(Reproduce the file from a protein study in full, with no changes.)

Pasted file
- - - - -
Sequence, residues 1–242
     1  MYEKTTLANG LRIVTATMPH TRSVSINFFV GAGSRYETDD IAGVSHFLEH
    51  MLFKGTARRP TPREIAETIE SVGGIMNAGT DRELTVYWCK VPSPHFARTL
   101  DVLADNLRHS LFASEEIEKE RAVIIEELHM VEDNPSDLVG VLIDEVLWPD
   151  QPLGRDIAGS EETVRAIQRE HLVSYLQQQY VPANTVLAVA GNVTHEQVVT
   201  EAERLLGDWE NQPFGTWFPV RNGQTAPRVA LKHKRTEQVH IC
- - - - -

Sequence, residues 1–242
     1  MYEKTTLANG LRIVTATMPH TRSVSINFFV GAGSRYETDD IAGVSHFLEH
    51  MLFKGTARRP TPREIAETIE SVGGIMNAGT DRELTVYWCK VPSPHFARTL
   101  DVLADNLRHS LFASEEIEKE RAVIIEELHM VEDNPSDLVG VLIDEVLWPD
   151  QPLGRDIAGS EETVRAIQRE HLVSYLQQQY VPANTVLAVA GNVTHEQVVT
   201  EAERLLGDWE NQPFGTWFPV RNGQTAPRVA LKHKRTEQVH IC